# CS计算机代考程序代写 Bayesian Machine Learning 1 TU Berlin, WiSe 2020/21

Machine Learning 1 TU Berlin, WiSe 2020/21
Maximum Likelihood Parameter Estimation
In this first exercise, we would like to use the maximum-likelihood method to estimate the best parameter of a data density model p(x|θ) with respect to some dataset D = (x1,…,xN), and use that approach to build a classifier. Assuming the data is generated independently and identically distributed (iid.), the dataset likelihood is given by
N
p(D|θ) = 􏰉 p(xk|θ)
k=1 and the maximum likelihood solution is then computed as
θˆ=argmax p(D|θ) θ
=argmax logp(D|θ) θ
where the log term can also be expressed as a sum, i.e.
N
log p(D|θ) = 􏰃 log p(xk |θ).
k=1
As a first step, we load some useful libraries for numerical computations and plotting.
In [1]: import numpy
import matplotlib
%matplotlib inline
from matplotlib import pyplot as plt
na = numpy.newaxis
We now consider the univariate data density model
p(x|θ) = 1 1
π 1 + (x − θ)2
also known as the Cauchy distribution with fixed parameter γ = 1, and with parameter θ unknown. Compared to the Gaussian distribution, the Cauchy distribution is heavy-tailed, and this can be useful to handle the presence of outliers in the data generation process. The probability density function is implemented below.
In [2]: def pdf(X,THETA):
return (1.0 / numpy.pi) * (1.0 / (1+(X-THETA)**2))
Note that the function can be called with scalars or with numpy arrays, and if feeding arrays of different shape, numpy broadcasting rules will apply. Our first step will be to implement a function that estimates the optimal parameter θˆ in the maximum likelihood sense for some dataset D.
• Implement a function that takes a dataset D as input (given as one-dimensional array of numbers) and a list of candidate parameters θ (also given as a one-dimensional array), and returns a one- dimensional array containing the log-likelihood w.r.t. the dataset D for each parameter θ.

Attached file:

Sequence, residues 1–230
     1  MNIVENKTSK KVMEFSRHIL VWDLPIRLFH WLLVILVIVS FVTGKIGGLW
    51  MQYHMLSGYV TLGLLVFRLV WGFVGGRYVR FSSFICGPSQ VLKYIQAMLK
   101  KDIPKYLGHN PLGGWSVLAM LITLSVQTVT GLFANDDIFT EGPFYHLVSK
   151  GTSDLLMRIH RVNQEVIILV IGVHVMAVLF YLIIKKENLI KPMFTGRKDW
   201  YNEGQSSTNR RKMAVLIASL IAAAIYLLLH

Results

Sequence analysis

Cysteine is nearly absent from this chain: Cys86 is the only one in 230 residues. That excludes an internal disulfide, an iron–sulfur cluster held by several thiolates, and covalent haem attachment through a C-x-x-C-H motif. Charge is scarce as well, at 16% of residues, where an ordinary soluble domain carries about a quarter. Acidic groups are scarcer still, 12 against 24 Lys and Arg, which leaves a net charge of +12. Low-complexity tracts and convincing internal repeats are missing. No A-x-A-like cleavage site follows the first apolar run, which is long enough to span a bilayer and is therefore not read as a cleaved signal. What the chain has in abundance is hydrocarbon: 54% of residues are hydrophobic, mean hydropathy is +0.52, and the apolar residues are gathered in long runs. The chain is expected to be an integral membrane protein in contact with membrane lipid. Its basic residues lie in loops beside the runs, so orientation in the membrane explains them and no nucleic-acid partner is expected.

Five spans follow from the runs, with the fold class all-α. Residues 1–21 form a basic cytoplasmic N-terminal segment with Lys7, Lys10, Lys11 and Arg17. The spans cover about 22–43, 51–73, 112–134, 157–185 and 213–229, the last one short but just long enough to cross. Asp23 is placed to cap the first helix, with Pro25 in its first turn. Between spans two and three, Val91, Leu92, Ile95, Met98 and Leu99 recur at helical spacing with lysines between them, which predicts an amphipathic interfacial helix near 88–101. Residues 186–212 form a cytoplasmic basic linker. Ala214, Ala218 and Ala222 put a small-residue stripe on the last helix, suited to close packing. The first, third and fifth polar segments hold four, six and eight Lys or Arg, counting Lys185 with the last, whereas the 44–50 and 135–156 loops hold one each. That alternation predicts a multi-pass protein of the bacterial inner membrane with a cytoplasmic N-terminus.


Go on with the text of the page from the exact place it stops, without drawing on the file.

In [3]: def ll(D,THETA):
# ————————————–
# TODO: replace by your code
# ————————————– import solution; return solution.ll(D,THETA) # ————————————–
1

To test the method, we apply it to some dataset, and plot the log-likelihood for some plausible range of parameters θ.
In [4]: D = numpy.array([ 2.803, -1.563, -0.853, 2.212, -0.334, 2.503])
THETA = numpy.linspace(-10,10,1001)
plt.grid(True)
plt.plot(THETA,ll(D,THETA))
plt.xlabel(r’\$ heta\$’)
plt.ylabel(r’\$log p(mathcal{D}| heta)\$’)
plt.show()
We observe that the likelihood has two peaks: one around θ = −0.5 and one around θ = 2. However, the highest peak is the second one, hence, the second peak is retained as a maximum likelihood solution.
Building a Classifier
We now would like to use the maximum likelihood technique to build a classifier. We consider a labeled dataset where the data associated to the two classes are given by:
In [5]: D1 = numpy.array([ 2.803, -1.563, -0.853, 2.212, -0.334, 2.503])
D2 = numpy.array([-4.510, -3.316, -3.050, -3.108, -2.315])
To be able to classify new data points, we consider the discriminant function
g(x) = logP(x|θˆ1)−logP(x|θˆ2)+logP(ω1)−logP(ω2)